“I visited Mrs. Pruden, who is certainly one of the great mediums of the world. Her slate-writing performance was even more remarkable than that which she gave me last year. All the questions which I wrote down were duly answered between the closed slates, and a running fire of raps was kept up all the time. Finally we asked her to sit at the other side of the room, but the raps continued merrily in full light right under our hands as they lay upon the table. What say you to that, Mr. Sceptic?”

Read the whole chapter at:

https://www.arthur-conan-doyle.com/index.php/Our_Second_American_Adventure#II._A_Lonely_Interlude

There is also an account by my friend Jeff Suess in the second issue of the graphic novel series Cincinnati’s Cabinet of Curiosities. Check that out at https://cincycuriosities.com/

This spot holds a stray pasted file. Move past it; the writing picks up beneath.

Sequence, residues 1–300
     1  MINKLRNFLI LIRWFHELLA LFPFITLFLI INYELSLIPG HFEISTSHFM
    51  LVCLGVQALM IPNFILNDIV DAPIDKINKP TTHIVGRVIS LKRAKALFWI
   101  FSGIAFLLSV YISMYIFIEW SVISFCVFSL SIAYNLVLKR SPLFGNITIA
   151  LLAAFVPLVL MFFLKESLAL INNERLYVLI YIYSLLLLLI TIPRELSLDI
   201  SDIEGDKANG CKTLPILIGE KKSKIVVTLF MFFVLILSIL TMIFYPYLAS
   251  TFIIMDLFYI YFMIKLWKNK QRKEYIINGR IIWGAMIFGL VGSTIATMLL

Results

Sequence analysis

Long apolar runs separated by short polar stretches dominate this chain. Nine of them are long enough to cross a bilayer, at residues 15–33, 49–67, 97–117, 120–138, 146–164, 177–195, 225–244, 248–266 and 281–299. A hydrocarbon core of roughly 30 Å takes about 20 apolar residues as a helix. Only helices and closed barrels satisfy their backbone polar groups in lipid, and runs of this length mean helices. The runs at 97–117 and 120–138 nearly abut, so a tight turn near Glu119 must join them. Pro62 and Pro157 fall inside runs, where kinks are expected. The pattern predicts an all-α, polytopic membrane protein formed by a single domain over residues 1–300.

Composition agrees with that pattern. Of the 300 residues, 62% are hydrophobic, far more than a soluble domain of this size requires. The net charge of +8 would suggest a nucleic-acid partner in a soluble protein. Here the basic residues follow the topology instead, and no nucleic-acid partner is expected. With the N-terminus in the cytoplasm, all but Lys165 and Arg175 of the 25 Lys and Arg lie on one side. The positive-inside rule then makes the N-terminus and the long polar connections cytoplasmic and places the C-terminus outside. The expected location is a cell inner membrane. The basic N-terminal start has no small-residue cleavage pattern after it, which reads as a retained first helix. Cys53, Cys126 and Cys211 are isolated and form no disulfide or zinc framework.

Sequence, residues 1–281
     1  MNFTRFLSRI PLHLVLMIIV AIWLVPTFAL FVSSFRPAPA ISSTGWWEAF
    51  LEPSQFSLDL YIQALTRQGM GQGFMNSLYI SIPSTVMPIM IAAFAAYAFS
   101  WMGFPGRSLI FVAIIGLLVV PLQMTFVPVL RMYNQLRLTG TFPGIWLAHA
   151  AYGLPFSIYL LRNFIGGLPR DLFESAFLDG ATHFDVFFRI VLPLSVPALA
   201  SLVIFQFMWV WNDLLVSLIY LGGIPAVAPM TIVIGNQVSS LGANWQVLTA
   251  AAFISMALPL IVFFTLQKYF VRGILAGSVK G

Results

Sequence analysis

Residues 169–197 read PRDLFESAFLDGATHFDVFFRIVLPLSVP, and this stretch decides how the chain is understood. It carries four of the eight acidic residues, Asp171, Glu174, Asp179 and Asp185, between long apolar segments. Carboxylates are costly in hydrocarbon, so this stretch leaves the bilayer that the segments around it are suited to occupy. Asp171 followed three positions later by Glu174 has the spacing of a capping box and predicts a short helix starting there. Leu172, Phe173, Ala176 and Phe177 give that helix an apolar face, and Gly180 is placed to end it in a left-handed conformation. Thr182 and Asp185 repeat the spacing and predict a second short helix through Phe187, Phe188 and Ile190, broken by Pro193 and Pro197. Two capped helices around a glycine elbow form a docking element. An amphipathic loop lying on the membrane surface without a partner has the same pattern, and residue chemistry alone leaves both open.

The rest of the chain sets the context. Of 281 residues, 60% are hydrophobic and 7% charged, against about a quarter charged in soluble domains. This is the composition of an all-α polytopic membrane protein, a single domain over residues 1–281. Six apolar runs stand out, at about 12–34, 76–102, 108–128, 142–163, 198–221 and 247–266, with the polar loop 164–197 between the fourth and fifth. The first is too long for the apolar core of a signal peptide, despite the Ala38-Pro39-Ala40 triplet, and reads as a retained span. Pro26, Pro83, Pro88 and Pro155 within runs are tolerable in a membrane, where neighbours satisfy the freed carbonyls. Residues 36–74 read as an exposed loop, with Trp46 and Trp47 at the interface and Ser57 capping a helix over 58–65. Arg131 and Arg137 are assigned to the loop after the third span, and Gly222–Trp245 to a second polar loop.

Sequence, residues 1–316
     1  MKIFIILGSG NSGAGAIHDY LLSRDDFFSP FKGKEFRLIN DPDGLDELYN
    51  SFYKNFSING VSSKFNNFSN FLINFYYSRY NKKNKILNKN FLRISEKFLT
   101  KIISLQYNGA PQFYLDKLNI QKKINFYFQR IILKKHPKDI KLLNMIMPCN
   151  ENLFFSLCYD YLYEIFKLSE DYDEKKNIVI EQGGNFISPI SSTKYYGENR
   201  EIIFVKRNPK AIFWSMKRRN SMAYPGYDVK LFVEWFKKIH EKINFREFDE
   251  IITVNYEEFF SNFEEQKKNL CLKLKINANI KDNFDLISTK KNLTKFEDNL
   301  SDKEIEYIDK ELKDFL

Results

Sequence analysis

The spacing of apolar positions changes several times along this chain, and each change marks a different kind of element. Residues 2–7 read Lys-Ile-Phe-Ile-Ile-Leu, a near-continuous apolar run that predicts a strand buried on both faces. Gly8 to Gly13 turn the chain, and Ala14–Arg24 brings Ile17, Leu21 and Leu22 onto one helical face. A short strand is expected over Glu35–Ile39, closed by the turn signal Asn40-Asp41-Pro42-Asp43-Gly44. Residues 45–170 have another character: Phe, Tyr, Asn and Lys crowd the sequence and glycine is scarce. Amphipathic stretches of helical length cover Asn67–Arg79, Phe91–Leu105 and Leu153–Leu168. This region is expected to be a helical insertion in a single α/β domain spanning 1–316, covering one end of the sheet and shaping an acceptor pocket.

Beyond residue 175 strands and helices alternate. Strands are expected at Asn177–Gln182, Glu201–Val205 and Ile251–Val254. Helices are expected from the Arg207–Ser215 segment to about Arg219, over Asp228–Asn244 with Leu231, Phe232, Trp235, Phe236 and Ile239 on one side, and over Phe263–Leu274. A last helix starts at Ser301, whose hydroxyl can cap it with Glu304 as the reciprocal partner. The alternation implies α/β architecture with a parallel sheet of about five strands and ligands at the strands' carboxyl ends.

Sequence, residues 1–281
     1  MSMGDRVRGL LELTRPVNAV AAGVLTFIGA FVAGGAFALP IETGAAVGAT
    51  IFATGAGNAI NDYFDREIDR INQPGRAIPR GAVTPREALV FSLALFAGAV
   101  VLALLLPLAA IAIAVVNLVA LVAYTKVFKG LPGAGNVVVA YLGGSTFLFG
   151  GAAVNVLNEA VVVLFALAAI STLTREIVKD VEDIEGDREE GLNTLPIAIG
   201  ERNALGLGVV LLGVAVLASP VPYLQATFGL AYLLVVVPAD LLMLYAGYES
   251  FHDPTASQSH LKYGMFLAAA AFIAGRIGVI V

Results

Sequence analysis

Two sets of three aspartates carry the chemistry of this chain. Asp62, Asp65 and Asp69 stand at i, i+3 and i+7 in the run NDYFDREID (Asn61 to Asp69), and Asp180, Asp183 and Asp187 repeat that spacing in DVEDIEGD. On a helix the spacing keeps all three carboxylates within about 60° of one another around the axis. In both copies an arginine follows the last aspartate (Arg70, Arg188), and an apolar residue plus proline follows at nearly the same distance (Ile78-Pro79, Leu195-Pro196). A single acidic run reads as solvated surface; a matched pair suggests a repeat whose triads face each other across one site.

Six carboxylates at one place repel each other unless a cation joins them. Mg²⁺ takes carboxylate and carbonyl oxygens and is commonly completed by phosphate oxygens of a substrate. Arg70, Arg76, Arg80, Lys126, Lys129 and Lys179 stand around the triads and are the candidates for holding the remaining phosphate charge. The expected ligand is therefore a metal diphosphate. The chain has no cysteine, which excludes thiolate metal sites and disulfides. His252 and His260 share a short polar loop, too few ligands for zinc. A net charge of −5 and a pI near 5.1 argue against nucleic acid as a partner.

Conan Doyle doesn’t specifically say he met the psychic at her home, but that is the inference. She lived at 911 Chateau, in what has become known as Cincinnati’s Incline District. The family sold the property upon Mrs. Pruden’s death in 1939, and the home was torn down in 2010. But surely her spirit remains.

(Thanks for Ann Brauer Andriacco and Jeff Suess for their help on this.) 

Tuesday, August 30, 2022

A Study in Sherlock Holmes 1942

A Study in Scarlet may not be the favorite Holmes story of most Sherlockians, but the title is surely the one most played upon by authors. Consider:

  • The first “BBC Sherlock” episode, broadcast on July 25, 2010, was A Study in Pink.
  • Charlotte Holmes debuted in A Study in Charlotte.
  • Neil Gaiman’s “A Study in Emerald” short story is a classic mash up of Sherlock Holmes and the Cthulhu Mythos, which Gaiman described as “Lovecraft/Holmes fan fiction.”
  • A Study in Terror was the first film to have Holmes solve the Jack the Ripper murders.
  • Michael Cox called his book about the Granada series with Jeremy Brett A Study in Celluloid.
  • The first Klinger/King anthology was A Study in Sherlock.
  • In the field of scholarship, Donald Redmond gave us A Study in Sources.